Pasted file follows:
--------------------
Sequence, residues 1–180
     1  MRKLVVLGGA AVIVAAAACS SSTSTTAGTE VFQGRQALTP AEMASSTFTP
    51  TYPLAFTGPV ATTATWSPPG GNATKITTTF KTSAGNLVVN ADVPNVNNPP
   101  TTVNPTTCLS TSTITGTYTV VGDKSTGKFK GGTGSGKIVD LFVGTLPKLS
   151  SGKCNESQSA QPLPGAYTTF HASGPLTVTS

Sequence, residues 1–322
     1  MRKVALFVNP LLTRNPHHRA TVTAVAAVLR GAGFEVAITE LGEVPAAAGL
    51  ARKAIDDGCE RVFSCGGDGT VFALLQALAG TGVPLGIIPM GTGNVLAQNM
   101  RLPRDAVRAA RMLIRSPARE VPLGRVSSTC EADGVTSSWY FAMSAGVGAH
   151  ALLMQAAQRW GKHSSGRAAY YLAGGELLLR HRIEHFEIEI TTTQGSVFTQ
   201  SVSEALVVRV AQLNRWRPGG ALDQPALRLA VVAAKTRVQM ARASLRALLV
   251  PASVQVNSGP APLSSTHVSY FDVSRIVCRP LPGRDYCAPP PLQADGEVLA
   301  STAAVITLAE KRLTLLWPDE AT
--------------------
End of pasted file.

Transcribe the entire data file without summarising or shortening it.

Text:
Sequence, residues 1–180
     1  MRKLVVLGGA AVIVAAAACS SSTSTTAGTE VFQGRQALTP AEMASSTFTP
    51  TYPLAFTGPV ATTATWSPPG GNATKITTTF KTSAGNLVVN ADVPNVNNPP
   101  TTVNPTTCLS TSTITGTYTV VGDKSTGKFK GGTGSGKIVD LFVGTLPKLS
   151  SGKCNESQSA QPLPGAYTTF HASGPLTVTS

Sequence, residues 1–322
     1  MRKVALFVNP LLTRNPHHRA TVTAVAAVLR GAGFEVAITE LGEVPAAAGL
    51  ARKAIDDGCE RVFSCGGDGT VFALLQALAG TGVPLGIIPM GTGNVLAQNM
   101  RLPRDAVRAA RMLIRSPARE VPLGRVSSTC EADGVTSSWY FAMSAGVGAH
   151  ALLMQAAQRW GKHSSGRAAY YLAGGELLLR HRIEHFEIEI TTTQGSVFTQ
   201  SVSEALVVRV AQLNRWRPGG ALDQPALRLA VVAAKTRVQM ARASLRALLV
   251  PASVQVNSGP APLSSTHVSY FDVSRIVCRP LPGRDYCAPP PLQADGEVLA
   301  STAAVITLAE KRLTLLWPDE AT